Olive fruit harvest by mechanical shaking continues to be limited by poor fruit removal - less than 60% removal for most varieties. Whereas foliar spray of ethylene releasing compounds such as ethephon increases fruit removal percent, excessive leaf loss following treatment precludes commercial acceptance of the treatment. A classic case of serendipity has led to the testing of phosphorus as an olive fruit loosening agent. Na2 HPO4 at 25 mM applied via the cut stem of explants leads to massive leaf and fruit abscission. When the P source is applied at 100 mM foliar spray, fruit removal is accomplished with minimal leaf loss. Results of this investigation will cover P source, concentration, genera with abscission response and some indication of mechanism of action.

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Hisashi Yamada and George C. Martin

Adding Al2O3 to 8-hydroxyquinoline citrate (8-HQC) solution did not alter the sensitivity of the leaf abscission zone to external ethylene. Exogenous ethylene at 791 nl·liter-1 for 72 to 120 hours and at 193 nl·liter-1 for 120 hours induced leaf abscission, whereas no leaf abscission occurred at 47 nl·liter-1 for 72 to 120 hours. Ethylene at 791 nl·liter-1 for 72 to 120 hours increased ethylene evolution, but the amount of ethylene evolved from the explants does not seem to be enough to induce leaf abscission. Three different ethylene inhibitors—aminooxyacetic acid (AOA), CoCl2, and aminoethoxyvinylglycine (AVG)—were used to determine whether P-induced leaf abscission was mediated through elevated ethylene evolution. Although AOA and CoCl2 failed to inhibit ethylene evolution from the explants stem-fed with NaH2PO4, AVG inhibited ethylene evolution. Each inhibitor, except 5 mm CoCl2, promoted leaf abscission when administered alone or with P. Our results reveal that P-induced olive leaf abscission may occur without elevated ethylene evolution. At 40 or 75 mm NaH2PO4, abscission did not occur until explants were removed from N2 and placed in ambient air.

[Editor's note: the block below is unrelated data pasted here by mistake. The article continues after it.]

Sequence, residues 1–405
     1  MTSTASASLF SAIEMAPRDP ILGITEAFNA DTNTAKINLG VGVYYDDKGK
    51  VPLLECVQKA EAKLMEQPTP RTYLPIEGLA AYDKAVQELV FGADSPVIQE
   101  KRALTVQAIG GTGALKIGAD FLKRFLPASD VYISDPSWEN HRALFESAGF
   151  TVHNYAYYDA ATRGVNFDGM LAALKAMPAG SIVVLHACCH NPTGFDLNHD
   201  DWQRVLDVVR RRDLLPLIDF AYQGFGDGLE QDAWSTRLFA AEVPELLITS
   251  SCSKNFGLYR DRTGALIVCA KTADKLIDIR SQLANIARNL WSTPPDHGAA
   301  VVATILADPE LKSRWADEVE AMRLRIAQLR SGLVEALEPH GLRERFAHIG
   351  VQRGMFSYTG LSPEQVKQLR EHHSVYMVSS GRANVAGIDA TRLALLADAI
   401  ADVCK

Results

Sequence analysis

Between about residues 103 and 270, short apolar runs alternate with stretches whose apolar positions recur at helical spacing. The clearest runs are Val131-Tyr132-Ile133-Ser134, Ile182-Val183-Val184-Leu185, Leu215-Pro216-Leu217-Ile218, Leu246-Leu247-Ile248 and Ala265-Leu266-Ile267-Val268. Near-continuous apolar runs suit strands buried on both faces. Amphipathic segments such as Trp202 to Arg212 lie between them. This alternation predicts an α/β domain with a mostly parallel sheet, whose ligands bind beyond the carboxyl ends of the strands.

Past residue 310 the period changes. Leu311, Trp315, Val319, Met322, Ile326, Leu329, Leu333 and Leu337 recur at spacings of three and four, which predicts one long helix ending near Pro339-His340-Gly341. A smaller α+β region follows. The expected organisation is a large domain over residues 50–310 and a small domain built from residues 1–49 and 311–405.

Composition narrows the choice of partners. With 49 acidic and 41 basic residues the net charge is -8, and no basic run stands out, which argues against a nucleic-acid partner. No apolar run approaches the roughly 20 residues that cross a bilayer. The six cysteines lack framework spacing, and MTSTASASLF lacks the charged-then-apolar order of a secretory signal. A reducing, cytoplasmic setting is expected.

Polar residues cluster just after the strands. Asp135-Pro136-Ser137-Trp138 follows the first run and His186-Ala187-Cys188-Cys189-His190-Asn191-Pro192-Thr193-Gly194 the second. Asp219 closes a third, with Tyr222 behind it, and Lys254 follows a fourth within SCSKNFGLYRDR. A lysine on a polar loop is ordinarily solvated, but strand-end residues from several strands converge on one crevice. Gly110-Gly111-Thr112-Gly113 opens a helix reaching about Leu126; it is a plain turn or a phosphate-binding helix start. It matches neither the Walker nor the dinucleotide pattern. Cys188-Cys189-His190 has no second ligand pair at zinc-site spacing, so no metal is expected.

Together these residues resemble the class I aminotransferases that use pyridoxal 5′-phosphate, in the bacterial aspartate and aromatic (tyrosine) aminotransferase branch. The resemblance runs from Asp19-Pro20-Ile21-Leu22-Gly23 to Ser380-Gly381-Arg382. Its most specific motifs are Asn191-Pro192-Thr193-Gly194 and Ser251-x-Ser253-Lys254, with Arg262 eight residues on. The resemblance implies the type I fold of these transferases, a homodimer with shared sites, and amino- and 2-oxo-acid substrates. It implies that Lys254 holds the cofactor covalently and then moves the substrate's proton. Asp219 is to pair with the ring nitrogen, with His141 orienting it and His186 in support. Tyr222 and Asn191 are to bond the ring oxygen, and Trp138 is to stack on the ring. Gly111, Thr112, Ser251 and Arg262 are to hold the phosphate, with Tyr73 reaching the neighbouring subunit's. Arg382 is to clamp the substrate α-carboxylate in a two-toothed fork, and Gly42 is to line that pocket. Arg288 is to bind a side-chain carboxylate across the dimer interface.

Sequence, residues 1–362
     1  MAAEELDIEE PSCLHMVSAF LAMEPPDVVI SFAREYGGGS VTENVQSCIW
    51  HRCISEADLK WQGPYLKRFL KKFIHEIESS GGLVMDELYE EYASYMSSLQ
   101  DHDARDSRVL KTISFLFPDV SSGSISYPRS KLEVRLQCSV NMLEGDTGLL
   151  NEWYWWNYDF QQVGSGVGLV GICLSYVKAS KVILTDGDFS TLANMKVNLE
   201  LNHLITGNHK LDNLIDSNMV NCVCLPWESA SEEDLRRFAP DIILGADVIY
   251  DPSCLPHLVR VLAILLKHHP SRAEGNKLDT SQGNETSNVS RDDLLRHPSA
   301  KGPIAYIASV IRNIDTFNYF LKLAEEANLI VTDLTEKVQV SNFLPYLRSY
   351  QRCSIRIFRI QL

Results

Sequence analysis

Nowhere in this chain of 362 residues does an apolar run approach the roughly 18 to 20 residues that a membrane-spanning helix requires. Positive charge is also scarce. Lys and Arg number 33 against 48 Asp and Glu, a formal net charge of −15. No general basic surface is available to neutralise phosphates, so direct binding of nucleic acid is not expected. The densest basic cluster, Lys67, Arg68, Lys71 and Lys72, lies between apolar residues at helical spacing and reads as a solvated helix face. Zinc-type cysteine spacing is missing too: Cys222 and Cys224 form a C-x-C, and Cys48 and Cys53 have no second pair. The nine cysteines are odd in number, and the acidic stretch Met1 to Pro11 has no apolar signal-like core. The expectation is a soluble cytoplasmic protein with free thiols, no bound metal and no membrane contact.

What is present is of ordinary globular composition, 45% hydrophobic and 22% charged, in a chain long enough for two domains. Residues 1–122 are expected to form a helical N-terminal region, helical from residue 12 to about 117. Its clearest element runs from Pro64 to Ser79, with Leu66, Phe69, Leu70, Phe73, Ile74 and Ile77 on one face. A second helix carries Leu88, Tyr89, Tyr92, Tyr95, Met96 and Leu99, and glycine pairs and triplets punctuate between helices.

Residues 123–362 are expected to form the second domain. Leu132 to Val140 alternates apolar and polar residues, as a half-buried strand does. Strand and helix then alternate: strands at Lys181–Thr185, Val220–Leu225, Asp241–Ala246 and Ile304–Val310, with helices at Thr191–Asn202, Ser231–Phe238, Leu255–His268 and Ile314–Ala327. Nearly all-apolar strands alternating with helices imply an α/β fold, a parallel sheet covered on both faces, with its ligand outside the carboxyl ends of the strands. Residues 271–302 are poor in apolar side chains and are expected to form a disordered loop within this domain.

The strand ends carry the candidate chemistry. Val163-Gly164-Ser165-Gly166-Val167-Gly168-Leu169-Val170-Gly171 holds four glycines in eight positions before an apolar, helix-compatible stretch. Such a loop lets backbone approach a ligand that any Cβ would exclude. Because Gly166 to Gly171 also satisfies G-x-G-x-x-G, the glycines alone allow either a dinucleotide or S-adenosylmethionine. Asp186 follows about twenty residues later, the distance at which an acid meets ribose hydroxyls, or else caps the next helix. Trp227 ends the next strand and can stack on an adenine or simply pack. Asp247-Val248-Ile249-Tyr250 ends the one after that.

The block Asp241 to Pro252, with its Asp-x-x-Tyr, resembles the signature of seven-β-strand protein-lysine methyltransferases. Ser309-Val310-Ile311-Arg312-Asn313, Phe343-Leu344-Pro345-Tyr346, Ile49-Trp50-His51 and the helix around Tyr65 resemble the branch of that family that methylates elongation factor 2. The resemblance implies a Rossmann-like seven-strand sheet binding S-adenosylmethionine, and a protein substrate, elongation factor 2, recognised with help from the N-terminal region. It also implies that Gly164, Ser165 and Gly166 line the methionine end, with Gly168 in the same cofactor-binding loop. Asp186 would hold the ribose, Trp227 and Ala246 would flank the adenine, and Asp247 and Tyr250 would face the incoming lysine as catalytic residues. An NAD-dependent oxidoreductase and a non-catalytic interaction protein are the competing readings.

Free access

Hisashi Yamada and George C. Martin

The addition of Al2O3 to 8-hydroxyquinoline citrate (8-HQC) solution did not alter the sensitivity of the leaf abscission zone to external ethylene treatment. Exogenous ethylene at 791 nl·l-1 for 72 to 120h and at 193 nl·l-1 for 120h induced leaf abscission whereas at 47 nl·l-1 for 72 to 120h no leaf abscission occurred. Ethylene treatment at 791 nl·l-1 for 72 to 120h increased ethylene evolution, but the amount of ethylene evolved from the explants does not seem to be enough for leaf abscission induction. Three different ethylene inhibitors, aminooxyacetic acid (AOA), CoCl2 and am inoethoxyvinylglycine (AVG), were used to determine whether phosphorus-induced leaf abscission was mediated through elevated ethylene evolution. Although AOA and CoCl2 failed to inhibit ethylene evolution from the explants stem-fed with NaH2P O4, AVG inhibited ethylene evolution. Each of the inhibitors except for 5 mM CoCl2 promoted leaf abscission when administered alone or with phosphorus. Our results reveal that phosphorus induced olive leaf abscission occurs without elevated ethylene evolution, but that oxygen is required.

Open access

George C. Martin

Abstract

Spray application of 2-chloroethylphosphonic acid (ethephon) to walnut trees caused dehiscence of hulls and enabled complete nut removal with a single mechanical shaking operation as much as 3 weeks earlier than normal. Walnuts were hullable and the quality was generally superior to that of the controls. In some instances considerable leaf fall resulted from the treatment.